Icarus is a premier scientific journal dedicated to the field of planetary science. It is published under the auspices of the American Astronomical Society s Division for Planetary Sciences (DPS). The longtime publisher was Academic Press, which is now part of Elsevier. The journal contains articles discussing the results of new research on astronomy, geology, meteorology, physics, chemistry, biology, and other scientific aspects of the Solar System or extrasolar systems. The journal was founded in 1962, and became affiliated with the DPS in 1974. The late Carl Sagan served as editor of the journal from 1968 to 1979. He was succeeded by Joseph A. Burns (1980–1997) and Philip D. Nicholson (1998–present). The journal is named for the mythical Icarus, and the frontispiece of every issue contains an extended quotation from Sir Arthur Eddington equating Icarus adventurousness with the scientific investigator who "strains his theories to the breaking-point till the weak joints gape."

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Shining a light on the aurora of Mars

ESA's Mars Express has shed new light on the Red Planet's rare ultraviolet aurora by combining for the first time remote observations with in situ measurements of electrons hitting the atmosphere.

dateNov 05, 2015 in Space Exploration
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'Bathtub rings' suggest Titan's dynamic seas

Saturn's moon, Titan, is the only object in the Solar System other than Earth known to have liquid on its surface. While most of the lakes are found around the poles, the dry regions near the equator contain signs of evaporated ...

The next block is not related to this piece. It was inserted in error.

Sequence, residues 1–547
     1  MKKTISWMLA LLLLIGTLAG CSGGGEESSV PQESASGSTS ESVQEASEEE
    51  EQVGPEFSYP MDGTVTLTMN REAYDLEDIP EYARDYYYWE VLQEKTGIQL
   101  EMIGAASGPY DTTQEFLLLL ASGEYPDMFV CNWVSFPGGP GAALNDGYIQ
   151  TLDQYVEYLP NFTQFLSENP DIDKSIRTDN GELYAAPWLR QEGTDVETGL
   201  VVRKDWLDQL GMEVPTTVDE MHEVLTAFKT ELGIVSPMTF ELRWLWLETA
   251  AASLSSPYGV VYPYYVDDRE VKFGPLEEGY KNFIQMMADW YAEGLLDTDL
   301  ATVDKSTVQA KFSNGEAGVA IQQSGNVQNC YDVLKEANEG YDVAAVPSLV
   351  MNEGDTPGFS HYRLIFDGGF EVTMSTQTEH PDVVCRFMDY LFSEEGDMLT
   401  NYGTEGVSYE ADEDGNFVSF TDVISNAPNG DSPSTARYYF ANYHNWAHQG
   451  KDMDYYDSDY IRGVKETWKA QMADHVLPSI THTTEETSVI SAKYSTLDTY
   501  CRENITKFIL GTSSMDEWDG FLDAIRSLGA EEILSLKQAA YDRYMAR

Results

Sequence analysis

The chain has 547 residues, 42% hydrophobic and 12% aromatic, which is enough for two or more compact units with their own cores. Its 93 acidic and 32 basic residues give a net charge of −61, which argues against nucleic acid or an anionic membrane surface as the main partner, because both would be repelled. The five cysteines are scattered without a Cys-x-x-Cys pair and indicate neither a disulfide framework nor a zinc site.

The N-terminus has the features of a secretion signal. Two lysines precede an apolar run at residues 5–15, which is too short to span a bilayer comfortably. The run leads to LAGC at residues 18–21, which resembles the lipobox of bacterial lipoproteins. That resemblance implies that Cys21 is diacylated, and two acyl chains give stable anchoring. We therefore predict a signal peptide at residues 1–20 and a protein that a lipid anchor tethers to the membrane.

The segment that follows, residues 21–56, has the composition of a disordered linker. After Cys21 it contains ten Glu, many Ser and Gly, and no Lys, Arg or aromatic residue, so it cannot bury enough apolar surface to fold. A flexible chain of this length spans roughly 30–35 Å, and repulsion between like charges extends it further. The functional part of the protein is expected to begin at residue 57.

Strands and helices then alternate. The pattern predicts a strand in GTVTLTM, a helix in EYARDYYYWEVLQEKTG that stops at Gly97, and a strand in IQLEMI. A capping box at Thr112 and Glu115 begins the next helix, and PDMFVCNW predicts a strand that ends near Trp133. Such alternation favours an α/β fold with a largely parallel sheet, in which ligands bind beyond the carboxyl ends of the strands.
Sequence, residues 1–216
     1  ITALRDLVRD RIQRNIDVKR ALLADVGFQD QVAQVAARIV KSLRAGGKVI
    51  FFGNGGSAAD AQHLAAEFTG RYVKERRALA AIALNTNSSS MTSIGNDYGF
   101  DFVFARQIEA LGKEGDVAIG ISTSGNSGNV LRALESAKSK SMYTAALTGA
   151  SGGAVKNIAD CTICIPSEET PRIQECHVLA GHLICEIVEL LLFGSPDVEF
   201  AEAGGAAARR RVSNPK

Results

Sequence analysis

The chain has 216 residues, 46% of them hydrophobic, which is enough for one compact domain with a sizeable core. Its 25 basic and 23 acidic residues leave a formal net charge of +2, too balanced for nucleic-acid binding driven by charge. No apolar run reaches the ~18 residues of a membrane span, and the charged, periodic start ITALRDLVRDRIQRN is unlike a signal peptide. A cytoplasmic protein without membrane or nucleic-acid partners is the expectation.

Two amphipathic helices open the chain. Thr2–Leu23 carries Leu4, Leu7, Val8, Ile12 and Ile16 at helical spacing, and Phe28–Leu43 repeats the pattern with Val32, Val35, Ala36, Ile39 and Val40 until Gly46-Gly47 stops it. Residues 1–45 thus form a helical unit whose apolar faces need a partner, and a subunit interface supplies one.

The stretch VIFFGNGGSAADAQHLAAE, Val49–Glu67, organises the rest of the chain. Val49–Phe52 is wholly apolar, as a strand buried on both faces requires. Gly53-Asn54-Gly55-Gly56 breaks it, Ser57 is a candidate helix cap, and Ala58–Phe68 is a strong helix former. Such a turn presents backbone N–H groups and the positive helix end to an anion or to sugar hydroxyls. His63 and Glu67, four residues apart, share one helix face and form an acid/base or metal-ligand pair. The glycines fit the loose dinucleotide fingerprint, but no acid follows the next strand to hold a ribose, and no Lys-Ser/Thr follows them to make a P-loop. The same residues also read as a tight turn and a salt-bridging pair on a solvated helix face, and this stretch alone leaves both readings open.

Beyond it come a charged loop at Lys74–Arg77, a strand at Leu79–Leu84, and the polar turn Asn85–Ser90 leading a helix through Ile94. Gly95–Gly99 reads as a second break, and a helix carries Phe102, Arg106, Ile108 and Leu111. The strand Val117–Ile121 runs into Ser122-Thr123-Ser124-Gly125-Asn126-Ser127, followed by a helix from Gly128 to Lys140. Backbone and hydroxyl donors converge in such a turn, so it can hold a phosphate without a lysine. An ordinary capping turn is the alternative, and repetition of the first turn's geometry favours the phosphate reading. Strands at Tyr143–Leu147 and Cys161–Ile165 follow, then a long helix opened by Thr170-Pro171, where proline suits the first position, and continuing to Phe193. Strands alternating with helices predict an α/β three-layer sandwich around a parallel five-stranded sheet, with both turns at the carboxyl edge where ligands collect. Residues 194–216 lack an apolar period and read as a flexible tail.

dateJul 28, 2015 in Space Exploration
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Dust storms on Mars

In the 1870's astronomers first noted the presence of yellow clouds on the surface of Mars and suggested they were caused by windblown dust. Today, dust storms on Mars are well known and those that display visible structures ...

dateAug 24, 2015 in Space Exploration
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A second minor planet may possess Saturn-like rings

There are only five bodies in our solar system that are known to bear rings. The most obvious is the planet Saturn; to a lesser extent, rings of gas and dust also encircle Jupiter, Uranus, and Neptune. The fifth member of ...

dateMar 16, 2015 in Astronomy
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What kind of life would we find on Titan?

Could there be life on Saturn's large moon Titan? Asking the question forces astrobiologists and chemists to think carefully and creatively about the chemistry of life, and how it might be different on other worlds than it ...

dateOct 05, 2015 in Space Exploration
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